Assessment of Disease Activity in Multiple Sclerosis Phenotypes with Combined Gadolinium- and Superparamagnetic Iron Oxide–enhanced MR Imaging

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This study underpins the potential advantages of using both a gadolinium-based contrast agent and ultrasmall superparamagnetic iron oxide in patients with multiple sclerosis to increase the sensitivity of MR imaging in the detection of disease activity, even in progressive forms, and suggests that lesions that enhance with both contrast agents represent a subgroup with more severe features.


To compare magnetic resonance (MR) imaging features of multiple sclerosis (MS) lesions after the administration of a gadolinium-based contrast agent and ultrasmall superparamagnetic iron oxide (USPIO) particles among the clinical phenotypes of MS and over time.

Materials and Methods

This study was approved by the local ethics committee, and written informed consent was obtained from all patients. Twenty-four patients with MS (10 with relapsing and 14 with progressive forms) underwent clinical and gadolinium- and USPIO-enhanced MR examinations at baseline and 6-month follow-up. The number of lesions that enhanced with gadolinium alone, USPIO alone, or both was compared with the Pearson χ2 or Fisher exact test, and lesion sizes were compared with the Wilcoxon Mann-Whitney U test. At 6-month follow-up, the lesion signal intensity on precontrast T1-weighted images and the enhancement after repeat injection of the contrast agent were compared with the baseline postcontrast imaging features by using the McNemar test.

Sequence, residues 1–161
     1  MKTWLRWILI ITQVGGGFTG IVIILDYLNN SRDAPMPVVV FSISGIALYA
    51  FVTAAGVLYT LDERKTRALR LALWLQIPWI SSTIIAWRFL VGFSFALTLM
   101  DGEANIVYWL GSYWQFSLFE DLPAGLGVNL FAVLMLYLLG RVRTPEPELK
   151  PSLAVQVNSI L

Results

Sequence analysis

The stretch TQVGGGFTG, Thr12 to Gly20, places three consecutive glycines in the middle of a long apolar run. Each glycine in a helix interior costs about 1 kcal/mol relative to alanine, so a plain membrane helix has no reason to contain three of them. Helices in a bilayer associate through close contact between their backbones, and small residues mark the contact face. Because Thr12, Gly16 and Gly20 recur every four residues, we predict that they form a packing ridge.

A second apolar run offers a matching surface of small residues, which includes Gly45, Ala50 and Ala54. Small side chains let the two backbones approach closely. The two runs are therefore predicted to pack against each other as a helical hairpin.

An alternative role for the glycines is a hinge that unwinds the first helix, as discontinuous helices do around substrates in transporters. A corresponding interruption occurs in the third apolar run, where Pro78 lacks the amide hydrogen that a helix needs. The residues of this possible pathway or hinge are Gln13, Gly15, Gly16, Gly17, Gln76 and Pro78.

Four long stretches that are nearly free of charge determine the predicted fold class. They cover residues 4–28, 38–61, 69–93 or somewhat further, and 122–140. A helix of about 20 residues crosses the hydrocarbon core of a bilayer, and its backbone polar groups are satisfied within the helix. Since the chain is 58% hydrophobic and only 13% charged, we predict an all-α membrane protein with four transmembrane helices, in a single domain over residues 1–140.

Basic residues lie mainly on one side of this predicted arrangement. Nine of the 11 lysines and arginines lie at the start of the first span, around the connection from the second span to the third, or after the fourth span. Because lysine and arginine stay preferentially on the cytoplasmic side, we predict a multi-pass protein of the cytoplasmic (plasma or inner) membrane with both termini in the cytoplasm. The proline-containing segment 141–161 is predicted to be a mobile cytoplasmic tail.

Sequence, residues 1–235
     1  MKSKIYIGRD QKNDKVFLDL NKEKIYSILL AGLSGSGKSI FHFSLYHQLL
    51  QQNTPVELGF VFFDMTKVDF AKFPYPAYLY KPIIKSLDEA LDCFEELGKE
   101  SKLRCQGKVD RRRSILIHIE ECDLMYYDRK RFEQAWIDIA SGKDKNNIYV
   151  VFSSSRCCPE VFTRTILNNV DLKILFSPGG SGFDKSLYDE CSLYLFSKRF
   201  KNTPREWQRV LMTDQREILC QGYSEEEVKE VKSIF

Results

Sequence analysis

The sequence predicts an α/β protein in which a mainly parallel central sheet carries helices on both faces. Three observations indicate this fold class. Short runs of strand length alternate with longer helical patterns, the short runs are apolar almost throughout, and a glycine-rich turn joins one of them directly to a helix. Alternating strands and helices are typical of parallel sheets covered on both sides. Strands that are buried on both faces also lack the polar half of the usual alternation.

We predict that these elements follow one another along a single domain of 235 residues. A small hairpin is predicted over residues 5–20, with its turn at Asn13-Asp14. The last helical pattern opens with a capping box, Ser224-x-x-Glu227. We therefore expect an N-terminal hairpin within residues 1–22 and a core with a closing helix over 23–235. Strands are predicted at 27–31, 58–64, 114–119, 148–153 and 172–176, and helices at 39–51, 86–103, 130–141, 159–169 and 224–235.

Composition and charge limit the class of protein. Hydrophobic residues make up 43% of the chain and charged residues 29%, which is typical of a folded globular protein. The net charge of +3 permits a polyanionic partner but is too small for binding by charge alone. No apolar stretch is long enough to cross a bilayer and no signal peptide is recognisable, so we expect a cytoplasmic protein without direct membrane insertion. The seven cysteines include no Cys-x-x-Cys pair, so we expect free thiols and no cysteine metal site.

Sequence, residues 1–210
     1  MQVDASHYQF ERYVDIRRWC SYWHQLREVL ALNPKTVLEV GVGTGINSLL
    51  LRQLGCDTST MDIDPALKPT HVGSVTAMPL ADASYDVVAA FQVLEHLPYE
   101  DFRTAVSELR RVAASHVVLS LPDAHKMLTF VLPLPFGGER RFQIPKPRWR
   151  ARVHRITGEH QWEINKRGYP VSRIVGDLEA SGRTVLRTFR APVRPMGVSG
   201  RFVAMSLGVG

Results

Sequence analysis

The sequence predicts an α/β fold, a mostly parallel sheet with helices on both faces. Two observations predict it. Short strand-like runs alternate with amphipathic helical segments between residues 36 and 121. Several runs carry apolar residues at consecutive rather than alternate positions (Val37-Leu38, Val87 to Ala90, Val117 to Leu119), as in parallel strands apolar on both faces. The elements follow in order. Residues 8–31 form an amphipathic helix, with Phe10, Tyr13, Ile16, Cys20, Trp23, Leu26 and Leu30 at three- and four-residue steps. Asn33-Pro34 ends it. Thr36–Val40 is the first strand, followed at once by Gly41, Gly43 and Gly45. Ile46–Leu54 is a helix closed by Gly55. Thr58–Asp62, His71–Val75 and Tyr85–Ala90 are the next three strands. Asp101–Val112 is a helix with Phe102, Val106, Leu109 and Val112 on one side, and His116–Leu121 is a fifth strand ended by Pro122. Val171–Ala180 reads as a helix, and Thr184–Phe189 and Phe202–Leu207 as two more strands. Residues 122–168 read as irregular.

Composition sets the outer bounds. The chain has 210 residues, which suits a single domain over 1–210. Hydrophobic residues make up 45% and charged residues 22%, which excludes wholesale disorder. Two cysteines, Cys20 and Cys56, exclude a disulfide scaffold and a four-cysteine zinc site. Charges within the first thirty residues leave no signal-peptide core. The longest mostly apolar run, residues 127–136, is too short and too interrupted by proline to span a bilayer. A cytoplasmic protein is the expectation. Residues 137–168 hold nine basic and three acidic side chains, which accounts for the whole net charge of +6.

Fifty-six lesions were considered active owing to contrast enhancement at baseline; 37 lesions (66%) in 10 patients enhanced with gadolinium. The use of USPIO helped detect 19 additional lesions (34%), and two additional patients were classified as having active disease. Thus, the use of both agents enabled detection of 51% (19 of 37 lesions) more lesions than with gadolinium alone. Enhanced lesions were more frequently observed in the relapsing compared with the progressive forms of MS (P < .0001). USPIO enhancement, in the form of ringlike patterns, could also be observed on T1-weighted images in patients with progressive MS, enabling the detection of five lesions in addition to the five detected with gadolinium in this phenotype. Lesions that enhanced with both contrast agents at baseline were larger (mean size, 6.5 mm ± 3.8; P = .001) and were more likely to persistently enhance at 6-month follow-up (seven of 27 lesions, P < .0001) compared with those that enhanced only with gadolinium (mean size, 4.9 mm ± 2.2; one of nine lesions) or USPIO (mean size, 3.5 mm ± 1.5; 0 of 17 lesions).


The combination of gadolinium and USPIO in patients with MS can help identify additional active lesions compared with the current standard, the gadolinium-only approach, even in progressive forms of MS. Lesions that enhance with both agents may exhibit a more aggressive evolution than those that enhance with only one contrast agent.

© RSNA, 2012

Supplemental material:


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Article History

Received July 6, 2011; revision requested September 12; revision received November 17; accepted December 13; final version accepted February 21, 2012.
Published online: July 2012
Published in print: July 2012